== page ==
United States District Court, N.D. Iowa, Cedar Rapids Division
DELISA M. WARE, Plaintiff,
NANCY A. BERRYHILL, Acting Commissioner of Social Security,  Defendant.
LEONARD T. STRAND, CHIEF JUDGE.
case is before me on a Report & Recommendation (R&R)
by the Honorable C.J. Williams, Chief United States
Magistrate Judge. Doc. No. 19. Judge Williams recommends that
I reverse the decision of the Commissioner of Social Security
and remand this case with instructions pursuant to sentence
four of 42 U.S.C. § 405(g). The Commissioner has filed
an objection (Doc. No. 20) to the R&R and Ware has
responded (Doc. No. 21).
Judicial Review of the Commissioner's
Commissioner's decision must be affirmed “if it is
supported by substantial evidence on the record as a
whole.” Pelkey v. Barnhart, 433 F.3d 575, 577
(8th Cir. 2006); see 42 U.S.C. § 405(g)
(“The findings of the Commissioner . . . as to any
fact, if supported by substantial evidence, shall be
conclusive . . . .”). “Substantial evidence is
less than a preponderance, but enough that a reasonable mind
might accept as adequate to support a conclusion.”
Lewis v. Barnhart, 353 F.3d 642, 645 (8th Cir.
2003). The Eighth Circuit explains the standard as
“something less than the weight of the evidence and
[that] allows for the possibility of drawing two inconsistent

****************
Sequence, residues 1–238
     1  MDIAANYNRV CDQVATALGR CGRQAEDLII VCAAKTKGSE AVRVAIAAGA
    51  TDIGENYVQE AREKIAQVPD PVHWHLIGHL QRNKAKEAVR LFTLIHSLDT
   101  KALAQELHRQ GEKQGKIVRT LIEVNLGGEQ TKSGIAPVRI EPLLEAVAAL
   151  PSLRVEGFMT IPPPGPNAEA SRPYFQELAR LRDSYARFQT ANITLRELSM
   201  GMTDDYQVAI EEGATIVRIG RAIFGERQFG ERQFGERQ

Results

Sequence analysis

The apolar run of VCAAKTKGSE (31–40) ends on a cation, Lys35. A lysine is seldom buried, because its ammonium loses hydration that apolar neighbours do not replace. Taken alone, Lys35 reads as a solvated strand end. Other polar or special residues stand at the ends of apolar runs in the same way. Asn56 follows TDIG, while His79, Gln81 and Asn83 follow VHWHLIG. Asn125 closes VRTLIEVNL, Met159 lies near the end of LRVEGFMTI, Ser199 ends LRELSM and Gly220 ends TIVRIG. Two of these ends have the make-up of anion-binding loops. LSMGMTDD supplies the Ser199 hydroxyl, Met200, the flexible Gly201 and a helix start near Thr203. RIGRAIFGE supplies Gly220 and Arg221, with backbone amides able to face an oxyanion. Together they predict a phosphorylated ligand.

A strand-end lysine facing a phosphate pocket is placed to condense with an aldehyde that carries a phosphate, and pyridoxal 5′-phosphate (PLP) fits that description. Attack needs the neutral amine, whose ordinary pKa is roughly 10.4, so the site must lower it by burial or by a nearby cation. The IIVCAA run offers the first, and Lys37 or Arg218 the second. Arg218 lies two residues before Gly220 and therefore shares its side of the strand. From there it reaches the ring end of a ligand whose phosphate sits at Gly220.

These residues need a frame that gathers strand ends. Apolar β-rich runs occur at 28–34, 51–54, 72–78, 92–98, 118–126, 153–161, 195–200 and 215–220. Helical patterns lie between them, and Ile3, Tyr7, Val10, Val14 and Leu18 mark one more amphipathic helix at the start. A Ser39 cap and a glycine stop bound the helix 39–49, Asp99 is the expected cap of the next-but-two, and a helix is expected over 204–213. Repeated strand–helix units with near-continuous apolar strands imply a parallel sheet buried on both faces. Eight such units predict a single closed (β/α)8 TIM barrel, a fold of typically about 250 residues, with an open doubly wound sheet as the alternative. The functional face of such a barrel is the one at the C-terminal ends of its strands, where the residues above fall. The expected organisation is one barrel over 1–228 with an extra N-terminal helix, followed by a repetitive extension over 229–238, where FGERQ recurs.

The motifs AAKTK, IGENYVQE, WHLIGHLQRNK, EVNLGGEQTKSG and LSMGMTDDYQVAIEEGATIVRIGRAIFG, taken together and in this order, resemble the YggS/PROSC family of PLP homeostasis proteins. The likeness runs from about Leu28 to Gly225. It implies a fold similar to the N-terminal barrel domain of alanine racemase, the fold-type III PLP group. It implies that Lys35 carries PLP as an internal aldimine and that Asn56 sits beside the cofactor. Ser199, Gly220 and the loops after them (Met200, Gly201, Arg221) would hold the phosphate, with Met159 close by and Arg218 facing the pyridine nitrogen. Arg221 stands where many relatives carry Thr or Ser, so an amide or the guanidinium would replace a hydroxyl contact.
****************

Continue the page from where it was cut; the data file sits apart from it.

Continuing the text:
conclusions, thus it embodies a zone of choice within which
the [Commissioner] may decide to grant or deny benefits
without being subject to reversal on appeal.”
Culbertson v. Shalala, 30 F.3d 934, 939 (8th Cir.
determine whether the Commissioner's decision meets this
standard, the court considers “all of the evidence that
was before the ALJ, but it [does] not re-weigh the
evidence.” Vester v. Barnhart, 416 F.3d 886,
889 (8th Cir. 2005). The court considers both evidence which
supports and detracts from the Commissioner's decision.
Kluesner v. Astrue, 607 F.3d 533, 536 (8th Cir.
2010). The court “must search the record for evidence
contradicting the [Commissioner's] decision and give that
evidence appropriate weight when determining whether the
overall evidence in support is substantial.”
Baldwin v. Barnhart, 349 F.3d 549, 555 (8th Cir.
2003) (citation omitted).
evaluate the evidence in an appeal of a denial of benefits,
the court must apply a balancing test to assess any
contradictory evidence. Sobania v. Sec'y of Health
& Human Servs., 879 F.2d 441, 444 (8th Cir. 1989).
The court, however, does not “reweigh the evidence
presented to the ALJ, ” Baldwin, 349 F.3d at
555 (citation omitted), or “review the factual record
de novo.” Roe v. Chater, 92 F.3d 672, 675 (8th
Cir. 1996) (citation omitted). Instead, if, after reviewing
the evidence, the court “find[s] it possible to draw
two inconsistent positions from the evidence and one of those
positions represents the Commissioner's findings, [the
court] must affirm the [Commissioner's] denial of
benefits.” Kluesner, 607 F.3d at 536 (quoting
Finch v. Astrue, 547 F.3d 933, 935 (8th Cir. 2008)).
This is true even if the court “might have weighed the
evidence differently.” Culbertson, 30 F.3d at
939 (citation omitted). The court may not reverse the
Commissioner's decision “merely because substantial
evidence would have supported an opposite decision.”
Baker v. Heckler, 730 F.2d 1147, 1150 (8th Cir.
1984); see also Goff v. Barnhart, 421 F.3d 785, 789
(8th Cir. 2005) (“[A]n administrative decision is not
subject to reversal simply because some evidence may support
the opposite conclusion.”).
Review of Report and Recommendation